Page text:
Sprint’s CEO Dan Hesse recently announced his plans to try and acquire more wireless spectrum for his company. Recently AT&T and Verizon, the top 2 wireless carriers in the US, have been snatching up as much of this stuff as possible and it is becoming a scarce resource due to high demand. See the thing about wireless spectrum is it’s a little like the Oil our world is battling over; Spectrum is a finite resource and because of this all of the big carriers in the US are doing whatever possible to gain as much of the airwaves as they can. The U.S. government treats these airwaves as public property and because of it sells spectrum in auctions to cable companies and wireless carriers. But because there is only so much available the law of supply and demand is kicking in and it is becoming more and more expensive.
The notion of needing to have spectrum was what led AT&T to attempt to acquire T-Mobile last year. Not only does T-Mobile have a huge customer base and strong OEM relationships they also have a robust HSPA-42 network and a ton of wireless spectrum. If AT&T had been able to get the deal through they easily would have been the strongest and largest wireless carrier in the world, and that is one of the main reasons why the deal didn’t go through, they would have ended up owning too much of the public radio waves the government is attempting to ration out to suppliers.
Sprint CEO Dan Hesse speaking to the fact that acquiring Clearwire could keep them comfortable with spectrum for a period of time.
Spectrum is what all our electronic devices use to connect to the internet, cable and phone lines. Spectrum operates between 30 kHz to 300 gHz and transfers information from everything like AM Radio to our cell phones. Different parts of the wireless spectrum are used for different technologies; so AM radio runs on a low frequency and has relatively low power where as a cell phone runs on a higher frequency. This is why when you buy a phone it will say, “rated for use on 1600,1700 and 1900 mHz networks.” (this is also why there isn’t a set LTE frequency that works in the US and Abroad yet, we use different spectrum bands) These are some of the bands that modern companies use to send our information around and that is why GSM and CDMA companies exist, to spread out the resources and traffic strain.
Since there is only so much information that can be sent over these lines, and carriers want to build stronger connections and networks, they are fighting for the higher end spectrum. Since they all are sharing the same frequency bands now they all want to own more space to operate their networks and lay claim to “nations largest 4G network.”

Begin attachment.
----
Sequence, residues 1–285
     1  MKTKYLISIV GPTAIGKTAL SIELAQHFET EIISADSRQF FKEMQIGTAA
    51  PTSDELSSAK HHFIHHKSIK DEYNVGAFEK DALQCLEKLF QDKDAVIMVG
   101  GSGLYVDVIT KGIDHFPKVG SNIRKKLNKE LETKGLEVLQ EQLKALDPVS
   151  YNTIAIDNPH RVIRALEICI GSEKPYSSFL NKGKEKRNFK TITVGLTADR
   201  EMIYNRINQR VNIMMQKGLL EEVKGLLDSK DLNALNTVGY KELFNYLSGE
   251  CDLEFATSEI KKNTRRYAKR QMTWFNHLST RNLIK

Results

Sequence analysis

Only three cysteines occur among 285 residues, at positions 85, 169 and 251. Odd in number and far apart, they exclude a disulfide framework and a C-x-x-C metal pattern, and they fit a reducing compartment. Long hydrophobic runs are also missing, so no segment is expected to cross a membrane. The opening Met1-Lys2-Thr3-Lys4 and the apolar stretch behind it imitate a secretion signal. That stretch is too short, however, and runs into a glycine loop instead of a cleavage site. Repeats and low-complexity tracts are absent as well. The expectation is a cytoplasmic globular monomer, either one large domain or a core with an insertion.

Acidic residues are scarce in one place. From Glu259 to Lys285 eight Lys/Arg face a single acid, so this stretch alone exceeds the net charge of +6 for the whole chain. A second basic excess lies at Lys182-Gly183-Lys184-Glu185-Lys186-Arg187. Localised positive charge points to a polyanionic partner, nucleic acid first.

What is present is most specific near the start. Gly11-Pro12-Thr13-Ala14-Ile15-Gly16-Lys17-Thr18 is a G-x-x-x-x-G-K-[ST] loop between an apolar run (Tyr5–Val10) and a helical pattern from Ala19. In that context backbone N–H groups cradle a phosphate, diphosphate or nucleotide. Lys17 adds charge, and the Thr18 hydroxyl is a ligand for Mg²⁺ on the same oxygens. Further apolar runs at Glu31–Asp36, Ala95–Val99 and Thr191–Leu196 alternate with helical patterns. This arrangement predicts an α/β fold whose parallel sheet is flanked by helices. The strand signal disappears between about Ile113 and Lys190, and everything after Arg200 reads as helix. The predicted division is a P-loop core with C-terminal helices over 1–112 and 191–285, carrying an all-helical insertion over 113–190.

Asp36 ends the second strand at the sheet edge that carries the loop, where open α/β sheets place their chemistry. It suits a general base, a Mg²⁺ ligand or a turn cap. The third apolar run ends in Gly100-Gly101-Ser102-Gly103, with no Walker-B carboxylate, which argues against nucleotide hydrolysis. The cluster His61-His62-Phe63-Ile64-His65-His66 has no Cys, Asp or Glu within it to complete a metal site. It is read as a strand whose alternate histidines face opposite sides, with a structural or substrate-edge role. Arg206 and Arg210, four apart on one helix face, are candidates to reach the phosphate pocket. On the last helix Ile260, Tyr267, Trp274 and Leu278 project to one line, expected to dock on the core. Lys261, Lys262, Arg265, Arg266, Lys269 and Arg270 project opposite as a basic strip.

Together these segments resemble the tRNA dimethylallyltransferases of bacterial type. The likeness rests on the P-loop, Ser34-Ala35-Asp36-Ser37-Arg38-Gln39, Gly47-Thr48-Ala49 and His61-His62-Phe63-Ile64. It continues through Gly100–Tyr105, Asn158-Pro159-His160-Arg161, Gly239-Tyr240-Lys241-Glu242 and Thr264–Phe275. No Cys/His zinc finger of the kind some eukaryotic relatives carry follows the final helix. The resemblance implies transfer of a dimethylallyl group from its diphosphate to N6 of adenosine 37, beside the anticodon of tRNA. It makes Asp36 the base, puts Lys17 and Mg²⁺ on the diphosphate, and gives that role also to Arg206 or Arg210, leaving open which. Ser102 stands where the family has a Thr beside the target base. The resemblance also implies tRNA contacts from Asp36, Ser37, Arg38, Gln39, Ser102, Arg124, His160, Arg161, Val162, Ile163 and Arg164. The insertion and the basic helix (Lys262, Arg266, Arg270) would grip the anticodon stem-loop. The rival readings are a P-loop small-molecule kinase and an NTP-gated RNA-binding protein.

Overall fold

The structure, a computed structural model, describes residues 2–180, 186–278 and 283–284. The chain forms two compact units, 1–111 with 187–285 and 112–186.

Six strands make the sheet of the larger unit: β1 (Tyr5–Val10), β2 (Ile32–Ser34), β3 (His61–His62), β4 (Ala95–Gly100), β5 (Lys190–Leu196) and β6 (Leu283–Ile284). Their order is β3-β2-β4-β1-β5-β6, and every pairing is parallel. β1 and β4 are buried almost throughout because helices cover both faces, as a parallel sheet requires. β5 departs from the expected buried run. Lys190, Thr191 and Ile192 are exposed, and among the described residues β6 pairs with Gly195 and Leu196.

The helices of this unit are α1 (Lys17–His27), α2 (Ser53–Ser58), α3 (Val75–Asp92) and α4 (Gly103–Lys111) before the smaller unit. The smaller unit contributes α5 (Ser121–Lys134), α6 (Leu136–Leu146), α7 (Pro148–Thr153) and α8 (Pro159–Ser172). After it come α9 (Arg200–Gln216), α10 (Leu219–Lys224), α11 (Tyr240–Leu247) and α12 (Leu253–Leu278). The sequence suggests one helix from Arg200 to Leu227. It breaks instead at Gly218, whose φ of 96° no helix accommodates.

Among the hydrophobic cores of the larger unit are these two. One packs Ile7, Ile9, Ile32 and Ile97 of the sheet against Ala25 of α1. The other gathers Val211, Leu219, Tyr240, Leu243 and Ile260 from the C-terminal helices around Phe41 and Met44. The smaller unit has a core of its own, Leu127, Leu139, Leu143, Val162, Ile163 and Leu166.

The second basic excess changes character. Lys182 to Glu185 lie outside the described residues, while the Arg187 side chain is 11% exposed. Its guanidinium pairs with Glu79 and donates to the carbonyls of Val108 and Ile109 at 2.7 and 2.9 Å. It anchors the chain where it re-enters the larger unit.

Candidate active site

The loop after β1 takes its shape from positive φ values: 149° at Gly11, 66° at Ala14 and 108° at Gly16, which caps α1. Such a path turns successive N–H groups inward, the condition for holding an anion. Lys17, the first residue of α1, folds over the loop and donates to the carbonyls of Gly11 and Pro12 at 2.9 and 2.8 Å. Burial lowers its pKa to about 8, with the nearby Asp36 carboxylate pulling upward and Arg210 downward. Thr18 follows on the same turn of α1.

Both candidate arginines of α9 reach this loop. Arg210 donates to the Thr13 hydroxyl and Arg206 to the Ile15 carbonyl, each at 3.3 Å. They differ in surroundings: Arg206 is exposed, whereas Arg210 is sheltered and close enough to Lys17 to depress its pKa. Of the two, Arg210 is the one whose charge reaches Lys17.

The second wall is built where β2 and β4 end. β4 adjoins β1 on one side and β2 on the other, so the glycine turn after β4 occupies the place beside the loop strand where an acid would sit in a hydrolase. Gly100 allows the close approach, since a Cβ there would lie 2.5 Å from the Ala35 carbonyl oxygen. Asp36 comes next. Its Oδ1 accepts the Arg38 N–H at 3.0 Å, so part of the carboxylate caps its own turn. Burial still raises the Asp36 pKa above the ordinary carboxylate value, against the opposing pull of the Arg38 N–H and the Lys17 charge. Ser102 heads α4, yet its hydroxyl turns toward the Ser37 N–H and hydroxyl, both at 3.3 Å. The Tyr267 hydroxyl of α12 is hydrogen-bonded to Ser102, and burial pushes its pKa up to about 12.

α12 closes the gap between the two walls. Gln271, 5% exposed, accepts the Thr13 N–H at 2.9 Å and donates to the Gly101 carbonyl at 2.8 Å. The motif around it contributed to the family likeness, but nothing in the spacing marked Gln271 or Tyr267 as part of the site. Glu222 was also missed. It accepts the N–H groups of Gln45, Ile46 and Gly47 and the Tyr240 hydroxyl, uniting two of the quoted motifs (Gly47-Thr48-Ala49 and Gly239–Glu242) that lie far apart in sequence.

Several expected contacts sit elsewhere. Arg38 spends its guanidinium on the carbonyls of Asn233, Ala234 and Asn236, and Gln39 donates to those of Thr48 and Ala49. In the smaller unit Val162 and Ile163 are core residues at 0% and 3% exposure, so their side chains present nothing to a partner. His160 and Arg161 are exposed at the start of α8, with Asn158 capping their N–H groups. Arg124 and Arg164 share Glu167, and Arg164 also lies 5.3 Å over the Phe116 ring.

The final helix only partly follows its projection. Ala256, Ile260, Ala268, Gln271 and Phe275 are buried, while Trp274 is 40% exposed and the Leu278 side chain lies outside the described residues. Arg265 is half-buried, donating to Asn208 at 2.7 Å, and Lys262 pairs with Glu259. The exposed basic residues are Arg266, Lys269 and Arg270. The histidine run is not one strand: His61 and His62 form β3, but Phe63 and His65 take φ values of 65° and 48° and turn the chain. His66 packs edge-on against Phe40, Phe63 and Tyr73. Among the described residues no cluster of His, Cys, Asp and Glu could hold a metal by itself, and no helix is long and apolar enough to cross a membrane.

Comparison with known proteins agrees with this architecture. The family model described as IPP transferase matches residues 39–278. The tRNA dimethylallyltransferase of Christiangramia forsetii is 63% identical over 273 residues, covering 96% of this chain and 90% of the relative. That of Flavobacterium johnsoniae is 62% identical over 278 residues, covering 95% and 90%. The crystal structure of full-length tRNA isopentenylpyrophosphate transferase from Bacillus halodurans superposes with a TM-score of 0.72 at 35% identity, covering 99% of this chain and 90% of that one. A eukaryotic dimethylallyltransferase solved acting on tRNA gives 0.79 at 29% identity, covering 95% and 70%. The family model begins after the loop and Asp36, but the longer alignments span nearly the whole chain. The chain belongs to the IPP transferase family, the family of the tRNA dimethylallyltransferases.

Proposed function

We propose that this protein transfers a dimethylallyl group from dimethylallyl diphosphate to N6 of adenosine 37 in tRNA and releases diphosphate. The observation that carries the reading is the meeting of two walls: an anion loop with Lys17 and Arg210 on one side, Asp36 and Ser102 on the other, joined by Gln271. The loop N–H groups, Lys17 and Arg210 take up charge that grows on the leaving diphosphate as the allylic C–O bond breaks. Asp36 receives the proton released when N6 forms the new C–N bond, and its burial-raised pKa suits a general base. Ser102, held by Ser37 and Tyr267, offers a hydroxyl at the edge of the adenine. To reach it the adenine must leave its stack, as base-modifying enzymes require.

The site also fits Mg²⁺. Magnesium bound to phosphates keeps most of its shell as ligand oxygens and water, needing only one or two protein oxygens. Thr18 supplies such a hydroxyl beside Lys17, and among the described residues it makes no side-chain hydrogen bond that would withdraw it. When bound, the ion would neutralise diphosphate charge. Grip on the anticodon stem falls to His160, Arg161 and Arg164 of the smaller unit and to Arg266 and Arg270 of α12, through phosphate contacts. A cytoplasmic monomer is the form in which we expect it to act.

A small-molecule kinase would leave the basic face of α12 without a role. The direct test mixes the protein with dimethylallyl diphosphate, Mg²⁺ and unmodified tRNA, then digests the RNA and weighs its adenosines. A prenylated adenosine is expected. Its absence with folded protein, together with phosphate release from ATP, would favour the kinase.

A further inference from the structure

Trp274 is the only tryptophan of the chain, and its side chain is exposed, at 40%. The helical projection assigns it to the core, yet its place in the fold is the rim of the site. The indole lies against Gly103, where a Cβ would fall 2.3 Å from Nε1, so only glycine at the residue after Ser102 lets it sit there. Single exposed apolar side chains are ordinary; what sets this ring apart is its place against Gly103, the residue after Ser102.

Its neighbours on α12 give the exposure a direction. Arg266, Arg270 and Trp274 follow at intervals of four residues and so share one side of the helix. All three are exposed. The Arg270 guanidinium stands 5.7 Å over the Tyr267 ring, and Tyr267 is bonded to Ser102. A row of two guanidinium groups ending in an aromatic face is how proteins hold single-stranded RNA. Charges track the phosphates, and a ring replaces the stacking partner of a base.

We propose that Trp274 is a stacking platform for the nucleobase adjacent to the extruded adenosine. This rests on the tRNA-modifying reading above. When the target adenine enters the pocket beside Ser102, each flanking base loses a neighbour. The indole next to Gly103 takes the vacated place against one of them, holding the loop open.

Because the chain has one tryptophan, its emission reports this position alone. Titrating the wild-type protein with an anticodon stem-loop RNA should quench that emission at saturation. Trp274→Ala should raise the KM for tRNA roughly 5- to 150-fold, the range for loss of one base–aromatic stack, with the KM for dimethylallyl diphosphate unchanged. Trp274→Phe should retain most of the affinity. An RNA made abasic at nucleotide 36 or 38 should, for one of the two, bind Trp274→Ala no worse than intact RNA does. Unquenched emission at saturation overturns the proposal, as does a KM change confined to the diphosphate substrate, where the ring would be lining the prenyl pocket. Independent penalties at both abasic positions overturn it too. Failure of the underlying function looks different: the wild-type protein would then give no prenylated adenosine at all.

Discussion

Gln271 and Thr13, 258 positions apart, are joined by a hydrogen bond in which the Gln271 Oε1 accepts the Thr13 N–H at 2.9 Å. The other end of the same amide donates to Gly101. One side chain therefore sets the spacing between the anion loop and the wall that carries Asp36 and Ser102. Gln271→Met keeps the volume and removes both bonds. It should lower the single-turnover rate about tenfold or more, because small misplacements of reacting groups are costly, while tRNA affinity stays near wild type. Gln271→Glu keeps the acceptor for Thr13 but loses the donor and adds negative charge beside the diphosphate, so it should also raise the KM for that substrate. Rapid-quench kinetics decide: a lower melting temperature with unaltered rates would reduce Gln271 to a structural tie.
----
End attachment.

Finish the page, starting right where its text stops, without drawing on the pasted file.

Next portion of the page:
Sprint knows that Verizon and AT&T have large swathes of mobile spectrum and have the ability to spread their networks further across the US and make their networks even stronger. Knowing that LTE is becoming the new craze it is smart of Sprint to start looking to acquire more bandwidth to build a more robust network. The funny thing is because so many electronics that send out a signal using wireless spectrum, Sprint can go to companies that operate landline telephones or cable TV or even acquire a smaller wireless carrier or strike a deal to buy some of their supply since they don’t need as much as a larger, national wireless carrier does. Sprint needs to do this as soon as possible to ensure that as data usage grows and they add more users their speeds don’t grind to a halt because they can’t spread out the transfer of information over more signal space.
Let’s say instead of only having the 1600,1700 and 1900 mHz bands to run on they had the higher end 100,200 and 300 gHz bands; this would allow them to effectively run 100x the amount of data and still keep higher speeds. Of course everyone will be vying to do the same so Sprint will either have to outbid, outfox or acquire a smaller company like Clearwire or U.S. Cellular to compete with the big 2. I know one thing for sure, it is good for all of us as consumers when there is more competition putting out premium products so hopefully Sprint and Mr. Hesse can think of something soon. What do you think about the fight over wireless spectrum? Should we be finding new ways to transfer our wireless signals or are we doing ok as is?